A Week on the Concord and Merrimack Rivers

by Henry David Thoreau (1849)

Where'er thou sail'st who sailed with me,
Though now thou climbest loftier mounts,
And fairer rivers dost ascend,
Be thou my Muse, my Brother—.


I am bound, I am bound, for a distant shore,
By a lonely isle, by a far Azore,
There it is, there it is, the treasure I seek,
On the barren sands of a desolate creek.


I sailed up a river with a pleasant wind,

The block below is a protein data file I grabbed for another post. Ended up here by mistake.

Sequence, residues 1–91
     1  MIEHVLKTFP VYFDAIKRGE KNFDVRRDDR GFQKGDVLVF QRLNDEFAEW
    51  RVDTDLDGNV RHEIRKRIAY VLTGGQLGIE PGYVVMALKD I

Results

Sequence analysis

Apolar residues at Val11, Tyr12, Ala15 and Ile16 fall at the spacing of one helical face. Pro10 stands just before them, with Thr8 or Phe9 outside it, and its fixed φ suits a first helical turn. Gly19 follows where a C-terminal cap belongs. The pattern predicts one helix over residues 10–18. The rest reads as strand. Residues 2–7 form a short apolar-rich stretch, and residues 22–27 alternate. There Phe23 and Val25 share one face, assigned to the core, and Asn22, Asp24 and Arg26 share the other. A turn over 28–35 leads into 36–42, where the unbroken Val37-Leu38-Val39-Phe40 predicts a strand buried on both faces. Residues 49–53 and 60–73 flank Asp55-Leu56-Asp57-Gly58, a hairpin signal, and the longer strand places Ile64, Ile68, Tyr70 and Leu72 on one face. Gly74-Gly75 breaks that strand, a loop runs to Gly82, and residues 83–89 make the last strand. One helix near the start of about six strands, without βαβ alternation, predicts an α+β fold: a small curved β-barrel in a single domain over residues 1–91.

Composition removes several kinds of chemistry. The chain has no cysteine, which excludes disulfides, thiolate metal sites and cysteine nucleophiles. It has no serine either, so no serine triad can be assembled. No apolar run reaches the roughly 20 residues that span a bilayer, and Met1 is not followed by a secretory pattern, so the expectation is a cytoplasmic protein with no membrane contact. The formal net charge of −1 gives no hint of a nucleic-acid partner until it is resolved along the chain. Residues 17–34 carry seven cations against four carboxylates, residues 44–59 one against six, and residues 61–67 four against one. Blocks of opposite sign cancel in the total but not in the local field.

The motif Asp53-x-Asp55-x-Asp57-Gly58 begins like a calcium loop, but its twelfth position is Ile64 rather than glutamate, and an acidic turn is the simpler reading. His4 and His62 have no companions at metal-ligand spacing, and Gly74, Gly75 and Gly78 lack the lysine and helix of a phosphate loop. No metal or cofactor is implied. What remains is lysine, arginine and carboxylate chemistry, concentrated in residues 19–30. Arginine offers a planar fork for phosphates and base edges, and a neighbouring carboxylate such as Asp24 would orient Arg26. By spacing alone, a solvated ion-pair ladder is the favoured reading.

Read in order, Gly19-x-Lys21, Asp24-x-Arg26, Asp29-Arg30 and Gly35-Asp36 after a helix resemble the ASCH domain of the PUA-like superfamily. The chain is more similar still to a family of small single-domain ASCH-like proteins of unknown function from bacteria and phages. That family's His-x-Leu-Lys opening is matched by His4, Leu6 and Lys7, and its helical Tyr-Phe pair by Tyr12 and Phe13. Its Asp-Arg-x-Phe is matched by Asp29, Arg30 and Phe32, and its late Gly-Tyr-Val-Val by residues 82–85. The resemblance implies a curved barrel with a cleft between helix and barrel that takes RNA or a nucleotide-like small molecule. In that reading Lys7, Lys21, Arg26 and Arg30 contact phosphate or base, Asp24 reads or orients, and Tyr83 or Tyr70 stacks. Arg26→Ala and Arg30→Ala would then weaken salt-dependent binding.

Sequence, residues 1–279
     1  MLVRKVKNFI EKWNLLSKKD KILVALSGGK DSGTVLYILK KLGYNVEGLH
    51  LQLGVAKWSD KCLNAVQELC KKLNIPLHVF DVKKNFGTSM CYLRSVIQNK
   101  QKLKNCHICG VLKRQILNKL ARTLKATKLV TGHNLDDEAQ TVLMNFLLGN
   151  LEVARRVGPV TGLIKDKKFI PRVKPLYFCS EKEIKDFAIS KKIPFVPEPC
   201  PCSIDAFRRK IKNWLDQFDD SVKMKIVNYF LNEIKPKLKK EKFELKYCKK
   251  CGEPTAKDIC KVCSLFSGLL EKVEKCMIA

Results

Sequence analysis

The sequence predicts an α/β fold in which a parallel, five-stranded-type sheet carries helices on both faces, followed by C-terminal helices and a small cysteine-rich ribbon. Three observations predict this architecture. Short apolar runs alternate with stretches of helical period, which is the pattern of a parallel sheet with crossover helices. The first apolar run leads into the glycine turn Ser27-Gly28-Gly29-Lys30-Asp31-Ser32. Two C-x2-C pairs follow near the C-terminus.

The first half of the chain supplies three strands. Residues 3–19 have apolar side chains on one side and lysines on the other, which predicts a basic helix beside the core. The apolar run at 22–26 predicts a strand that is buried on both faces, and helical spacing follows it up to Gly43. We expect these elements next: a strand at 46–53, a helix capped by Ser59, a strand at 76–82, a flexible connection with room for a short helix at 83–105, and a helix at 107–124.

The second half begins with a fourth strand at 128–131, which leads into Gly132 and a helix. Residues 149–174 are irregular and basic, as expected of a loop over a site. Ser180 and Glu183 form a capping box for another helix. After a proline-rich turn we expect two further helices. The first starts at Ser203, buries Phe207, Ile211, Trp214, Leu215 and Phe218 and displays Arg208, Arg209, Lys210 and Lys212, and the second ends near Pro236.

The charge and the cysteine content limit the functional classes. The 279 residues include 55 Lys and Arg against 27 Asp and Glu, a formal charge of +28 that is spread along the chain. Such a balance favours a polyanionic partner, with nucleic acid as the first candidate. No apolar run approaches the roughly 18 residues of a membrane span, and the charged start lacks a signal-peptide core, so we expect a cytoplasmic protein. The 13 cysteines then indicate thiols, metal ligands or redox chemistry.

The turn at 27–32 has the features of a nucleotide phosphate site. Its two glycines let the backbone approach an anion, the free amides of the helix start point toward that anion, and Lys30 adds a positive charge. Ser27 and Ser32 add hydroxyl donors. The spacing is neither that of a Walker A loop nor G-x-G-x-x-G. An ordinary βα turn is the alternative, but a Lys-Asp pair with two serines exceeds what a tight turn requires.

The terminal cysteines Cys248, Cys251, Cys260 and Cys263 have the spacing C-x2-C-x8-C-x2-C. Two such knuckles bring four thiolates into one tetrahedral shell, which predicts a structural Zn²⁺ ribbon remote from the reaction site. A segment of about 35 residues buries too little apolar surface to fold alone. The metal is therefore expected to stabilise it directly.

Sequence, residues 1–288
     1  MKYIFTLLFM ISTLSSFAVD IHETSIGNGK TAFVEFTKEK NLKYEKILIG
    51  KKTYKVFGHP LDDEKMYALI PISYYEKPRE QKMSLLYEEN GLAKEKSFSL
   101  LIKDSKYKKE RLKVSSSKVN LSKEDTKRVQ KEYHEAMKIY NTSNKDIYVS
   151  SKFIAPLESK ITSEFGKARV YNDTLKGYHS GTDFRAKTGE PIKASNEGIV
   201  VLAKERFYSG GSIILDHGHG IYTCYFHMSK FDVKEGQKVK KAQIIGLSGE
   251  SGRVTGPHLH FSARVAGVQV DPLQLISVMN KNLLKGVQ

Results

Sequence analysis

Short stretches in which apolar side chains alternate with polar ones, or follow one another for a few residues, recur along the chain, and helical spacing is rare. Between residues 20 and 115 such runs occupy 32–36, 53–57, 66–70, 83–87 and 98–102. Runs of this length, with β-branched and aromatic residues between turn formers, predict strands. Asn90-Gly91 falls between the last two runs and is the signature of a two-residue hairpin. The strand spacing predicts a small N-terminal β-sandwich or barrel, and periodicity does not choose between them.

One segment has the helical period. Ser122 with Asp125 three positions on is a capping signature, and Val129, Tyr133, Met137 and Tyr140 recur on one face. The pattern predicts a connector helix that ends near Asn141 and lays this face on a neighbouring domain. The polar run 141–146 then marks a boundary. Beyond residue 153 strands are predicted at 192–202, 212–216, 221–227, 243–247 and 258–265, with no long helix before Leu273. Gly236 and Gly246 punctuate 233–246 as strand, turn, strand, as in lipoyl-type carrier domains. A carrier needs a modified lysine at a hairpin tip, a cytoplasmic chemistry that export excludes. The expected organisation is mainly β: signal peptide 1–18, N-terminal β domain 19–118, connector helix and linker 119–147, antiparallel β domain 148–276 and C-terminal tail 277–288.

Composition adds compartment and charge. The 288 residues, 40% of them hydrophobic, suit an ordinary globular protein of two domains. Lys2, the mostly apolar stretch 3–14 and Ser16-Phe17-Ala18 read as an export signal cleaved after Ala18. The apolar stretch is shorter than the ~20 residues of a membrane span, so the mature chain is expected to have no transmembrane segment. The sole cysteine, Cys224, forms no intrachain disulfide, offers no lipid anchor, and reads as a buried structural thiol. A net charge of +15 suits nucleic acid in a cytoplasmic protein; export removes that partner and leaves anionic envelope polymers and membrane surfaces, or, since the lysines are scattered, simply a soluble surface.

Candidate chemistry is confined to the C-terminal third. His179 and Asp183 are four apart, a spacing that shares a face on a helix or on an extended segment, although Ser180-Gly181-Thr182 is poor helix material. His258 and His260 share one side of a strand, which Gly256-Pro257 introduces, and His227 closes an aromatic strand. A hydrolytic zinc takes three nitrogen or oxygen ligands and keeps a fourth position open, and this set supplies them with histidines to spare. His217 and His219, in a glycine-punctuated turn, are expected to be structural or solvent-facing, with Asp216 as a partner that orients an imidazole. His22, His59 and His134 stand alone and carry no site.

New lands, new people, and new thoughts to find;
Many fair reaches and headlands appeared,
And many dangers were there to be feared;
But when I remember where I have been,
And the fair landscapes that I have seen,
Thou seemest the only permanent shore,
The cape never rounded, nor wandered o'er.


Fluminaque obliquis cinxit declivia ripis;
Quae, diversa locis, partim sorbentur ab ipsa;
In mare perveniunt partim, campoque recepta
Liberioris aquae, pro ripis litora pulsant.
Ovid, Metamorphoses I. 39

He confined the rivers within their sloping banks,
Which in different places are part absorbed by the earth,
Part reach the sea, and being received within the plain
Of its freer waters, beat the shore for banks.

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